Serendipity is alive and well on the Web


Aimlessly sifting through a few blogs the other day, I stumbled upon a link to an essay in the St. Petersburg Times - a newspaper that I rarely read - about how our coolly efficient, what-you-Google-is-what-you-get world is killing serendipity in our lives.

William McKeen, the author of the essay and chairman of the journalism department at the University of Florida, argues that the chance encounter has become an endangered species. ( news_pf/Perspective/The_ endangered_joy_of.shtml)

"We can target what we want, thanks to the Internet. Put a couple of key words into a search engine and you find - with an irritating hit or miss here and there - exactly what you're looking for. It's efficient, but dull."

Unplanned moments of the type that enrich and reward our lives - hearing a thrilling new song on the radio, meeting a stranger's eyes and feeling that spark or simply browsing aimlessly through the library - are increasingly rare, McKeen argues.

"Technology undercuts serendipity," McKeen writes. "It makes it possible to direct our energies all in the name of saving time. Ironically, though, it seems that we are losing time - the meaningful time we once used to indulge ourselves in the related pleasures of search and discovery. We're efficient, but empty."

There's no doubt that random moments and chance discoveries enrich our lives. But is the Internet reducing such encounters, turning us into dull, efficient Google automatons?


True, Google is ruthlessly efficient. And true too, it's hard to meet a stranger's gaze from behind a computer screen. But the entire Internet is a chance encounter waiting to happen. Serendipity is just a click away.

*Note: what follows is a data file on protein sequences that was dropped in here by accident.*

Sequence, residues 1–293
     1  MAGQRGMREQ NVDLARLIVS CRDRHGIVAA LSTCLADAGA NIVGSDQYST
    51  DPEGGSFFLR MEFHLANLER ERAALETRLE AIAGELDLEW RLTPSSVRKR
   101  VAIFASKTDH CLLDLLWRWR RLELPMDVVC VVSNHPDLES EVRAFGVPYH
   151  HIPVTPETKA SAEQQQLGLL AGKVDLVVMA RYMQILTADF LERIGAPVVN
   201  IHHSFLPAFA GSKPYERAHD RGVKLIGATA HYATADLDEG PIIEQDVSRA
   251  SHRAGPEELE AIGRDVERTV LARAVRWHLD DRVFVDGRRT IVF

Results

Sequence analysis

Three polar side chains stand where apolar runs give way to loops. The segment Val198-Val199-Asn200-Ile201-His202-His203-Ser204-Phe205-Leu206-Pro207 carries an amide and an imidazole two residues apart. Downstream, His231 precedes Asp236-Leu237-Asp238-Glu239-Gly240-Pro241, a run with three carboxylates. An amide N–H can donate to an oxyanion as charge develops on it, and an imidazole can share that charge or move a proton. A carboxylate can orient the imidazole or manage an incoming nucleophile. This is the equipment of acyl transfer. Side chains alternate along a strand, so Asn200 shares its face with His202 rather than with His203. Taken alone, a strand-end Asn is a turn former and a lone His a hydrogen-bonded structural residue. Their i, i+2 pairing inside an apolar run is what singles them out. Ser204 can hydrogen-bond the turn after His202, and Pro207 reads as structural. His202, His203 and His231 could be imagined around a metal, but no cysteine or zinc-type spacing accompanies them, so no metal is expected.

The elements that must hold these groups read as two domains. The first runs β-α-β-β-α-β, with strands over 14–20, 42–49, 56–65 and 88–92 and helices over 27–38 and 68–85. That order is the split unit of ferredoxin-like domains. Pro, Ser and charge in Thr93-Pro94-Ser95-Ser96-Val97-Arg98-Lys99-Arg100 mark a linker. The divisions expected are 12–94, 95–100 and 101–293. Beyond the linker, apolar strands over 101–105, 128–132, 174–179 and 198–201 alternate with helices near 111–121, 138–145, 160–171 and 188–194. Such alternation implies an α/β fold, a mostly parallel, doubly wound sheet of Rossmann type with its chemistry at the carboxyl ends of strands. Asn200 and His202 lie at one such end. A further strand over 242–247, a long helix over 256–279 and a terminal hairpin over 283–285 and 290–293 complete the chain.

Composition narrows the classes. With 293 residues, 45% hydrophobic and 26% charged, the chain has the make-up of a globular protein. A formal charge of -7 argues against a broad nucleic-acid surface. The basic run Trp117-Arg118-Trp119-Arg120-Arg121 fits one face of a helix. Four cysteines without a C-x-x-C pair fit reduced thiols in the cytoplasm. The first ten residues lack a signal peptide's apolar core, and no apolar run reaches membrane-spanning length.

Steven Johnson, author of Everything Bad Is Good for You, put it this way on his blog (stevenberlin "Thanks to the connective nature of hypertext, and the blogosphere's exploratory hunger for finding new stuff, the web is the greatest serendipity engine in the history of culture."

Using popular blog as an example, Johnson observes that "on their front door, we have a study of monkey drinking habits, a roadsite alert sign hacking project, a 'news of the weird' story about a German would-be suicide, a re-writing of Robinson Crusoe, a collection of vintage cartoons, a digital mapmaking tool, and so on and so on. And this eclecticism is what you get every day there.

"Now factor in reading a dozen other blogs of comparable range," he adds. "This is now the daily information intake for millions and millions of people around the world. Why isn't that an increase in serendipity?"

The answer is obvious: It is an increase in serendipity. And those who aren't finding random moments online simply aren't looking.

But others still aren't swayed.

"Once you create an engine - a machine - to produce serendipity, you destroy the essence of serendipity," blogger Nicholas Carr (roughtype. com) wrote in response to Johnson. "It becomes something expected rather than something unexpected. Looking for serendipity? Just follow these easy links!"

A fair point, but consider this: I wasn't looking for serendipity when I stumbled upon this debate. Nor was I expecting to find an idea for this column - yet a few chance mouse clicks and 500 words later, here we are.

What could be more serendipitous than that?

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